Lynn: There are two main ways we improve survival. One is early detection. We catch the cancer earlier, giving people more chance for surgery, more chance for chemotherapeutic agents to work. PanCAN is working to improve early detection through our Early Detection Initiative, which is a clinical trial exploring whether imaging some patients at the time of new-onset diabetes can find pancreatic cancer in time for surgery.
The other way we improve survival is by making treatments for more advanced disease better. How do we make them more effective? How do we lessen side effects so that people can tolerate treatment longer? Those are the types of studies that pancreatic cancer clinical trials have been focused on -- in particular studies of chemotherapy since we see so many patients whose disease is either initially metastatic or becomes metastatic. The way that we find better treatments is we test new drugs and approaches in people with pancreatic cancer to see how they compare to the treatments we currently have.
The clinical trial process is how we make progress against pancreatic cancer. This is how we learn. This is how we make advances. But it’s not only good for everyone, it’s good for each individual patient as well. Sometimes a patient gets the standard of care, sometimes they get the new experimental drug, but either way, they’re very closely monitored. They get the absolute best care that we have. We very much encourage individuals to consider clinical trials at all stages of their pancreatic cancer journey.
PanCAN does its best to not let knowledge of trials be a barrier. The more representative our clinical trial population is of the population that gets pancreatic cancer, the better we understand whether a drug is going to be more effective or not. We keep a comprehensive database of clinical trials and we make sure that it’s as up-to-date as it can possibly be. We know which trials are open and their eligibility requirements. We try to give people good information that they can share with their oncologist to help make the best decisions for their treatment.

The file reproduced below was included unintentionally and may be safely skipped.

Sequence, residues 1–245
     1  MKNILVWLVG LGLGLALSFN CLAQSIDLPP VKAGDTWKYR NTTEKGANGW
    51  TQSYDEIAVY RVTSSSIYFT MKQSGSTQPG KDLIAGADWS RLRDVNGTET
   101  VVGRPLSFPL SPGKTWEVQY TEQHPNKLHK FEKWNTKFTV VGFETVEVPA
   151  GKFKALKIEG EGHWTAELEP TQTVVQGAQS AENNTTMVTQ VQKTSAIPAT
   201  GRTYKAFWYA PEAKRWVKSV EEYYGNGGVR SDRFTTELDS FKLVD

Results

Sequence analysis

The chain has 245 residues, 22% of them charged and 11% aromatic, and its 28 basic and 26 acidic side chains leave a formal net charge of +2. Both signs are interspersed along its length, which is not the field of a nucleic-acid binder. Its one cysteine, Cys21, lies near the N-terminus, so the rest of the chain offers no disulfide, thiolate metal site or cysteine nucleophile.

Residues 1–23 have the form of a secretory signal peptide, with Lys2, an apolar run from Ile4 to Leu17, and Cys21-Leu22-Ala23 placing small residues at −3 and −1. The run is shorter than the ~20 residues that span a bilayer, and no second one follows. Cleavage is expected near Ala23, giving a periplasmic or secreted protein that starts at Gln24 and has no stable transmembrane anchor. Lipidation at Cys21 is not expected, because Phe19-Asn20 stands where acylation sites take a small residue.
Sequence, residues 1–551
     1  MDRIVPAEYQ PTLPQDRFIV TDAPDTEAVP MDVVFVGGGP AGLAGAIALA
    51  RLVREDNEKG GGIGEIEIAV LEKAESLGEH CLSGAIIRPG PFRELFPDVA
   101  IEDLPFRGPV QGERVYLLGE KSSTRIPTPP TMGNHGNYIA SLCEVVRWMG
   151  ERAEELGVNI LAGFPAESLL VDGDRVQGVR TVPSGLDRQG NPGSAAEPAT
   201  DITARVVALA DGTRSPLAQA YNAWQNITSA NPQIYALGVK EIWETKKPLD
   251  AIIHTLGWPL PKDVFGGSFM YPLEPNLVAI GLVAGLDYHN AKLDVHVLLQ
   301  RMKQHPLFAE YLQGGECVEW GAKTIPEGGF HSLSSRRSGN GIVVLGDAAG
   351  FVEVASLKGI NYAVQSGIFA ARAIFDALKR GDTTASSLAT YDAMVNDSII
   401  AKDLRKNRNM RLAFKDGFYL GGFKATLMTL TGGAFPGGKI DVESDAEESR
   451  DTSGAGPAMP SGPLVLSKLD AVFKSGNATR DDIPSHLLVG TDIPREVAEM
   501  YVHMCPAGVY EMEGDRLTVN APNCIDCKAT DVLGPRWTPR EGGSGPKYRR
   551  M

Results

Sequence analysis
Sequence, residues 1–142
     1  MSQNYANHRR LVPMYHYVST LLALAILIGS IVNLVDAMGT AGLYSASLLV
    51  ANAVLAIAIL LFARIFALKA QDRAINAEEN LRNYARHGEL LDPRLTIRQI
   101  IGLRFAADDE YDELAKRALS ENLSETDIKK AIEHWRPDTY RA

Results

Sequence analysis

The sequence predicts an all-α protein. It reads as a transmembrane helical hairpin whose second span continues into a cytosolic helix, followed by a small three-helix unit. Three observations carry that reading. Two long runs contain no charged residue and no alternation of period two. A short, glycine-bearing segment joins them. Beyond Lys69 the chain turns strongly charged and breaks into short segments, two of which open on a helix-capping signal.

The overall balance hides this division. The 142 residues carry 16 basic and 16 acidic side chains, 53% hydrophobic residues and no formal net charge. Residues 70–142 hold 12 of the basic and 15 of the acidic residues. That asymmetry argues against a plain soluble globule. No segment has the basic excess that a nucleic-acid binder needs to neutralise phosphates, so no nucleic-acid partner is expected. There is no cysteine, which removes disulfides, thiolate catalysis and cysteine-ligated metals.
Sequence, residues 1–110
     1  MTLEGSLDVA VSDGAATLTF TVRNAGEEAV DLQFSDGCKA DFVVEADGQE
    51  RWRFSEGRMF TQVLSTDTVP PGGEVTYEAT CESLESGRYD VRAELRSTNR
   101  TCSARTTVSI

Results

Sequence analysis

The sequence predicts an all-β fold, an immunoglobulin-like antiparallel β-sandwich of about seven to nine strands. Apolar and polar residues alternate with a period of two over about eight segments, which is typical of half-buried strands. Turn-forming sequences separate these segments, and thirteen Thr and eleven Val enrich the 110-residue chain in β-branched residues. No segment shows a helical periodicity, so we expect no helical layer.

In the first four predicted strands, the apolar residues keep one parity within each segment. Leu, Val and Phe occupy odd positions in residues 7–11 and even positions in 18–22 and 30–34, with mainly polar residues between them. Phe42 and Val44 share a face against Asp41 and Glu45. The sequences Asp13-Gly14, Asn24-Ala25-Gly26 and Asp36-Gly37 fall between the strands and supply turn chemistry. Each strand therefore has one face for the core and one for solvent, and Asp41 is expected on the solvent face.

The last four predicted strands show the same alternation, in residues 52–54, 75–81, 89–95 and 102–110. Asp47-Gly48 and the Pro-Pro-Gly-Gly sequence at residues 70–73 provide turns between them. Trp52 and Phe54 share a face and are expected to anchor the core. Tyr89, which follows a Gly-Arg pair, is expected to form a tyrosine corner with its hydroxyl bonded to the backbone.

PanCAN: How is PanCAN’s work contributing to the increase in survival?
Lynn: We have a comprehensive approach to improving patient outcomes. We have levers that we can use across the whole spectrum. I, of course, am very focused on research. It’s through research that we’re going to improve treatment and improve early detection, and that’s how we’re going to get to better survival. But you can’t do research without funds. You also need patients to be aware of and participate in clinical research. Supportive care is important. All of those things contribute to the survival rate.
I’m very proud of PanCAN because of our comprehensive approach. We’re saying, “This is a complex process. We’re going to figure out as many ways as we can to make things better so that we can get where we want to go.” That’s a very practical, realistic and effective way to approach a complex disease like pancreatic cancer.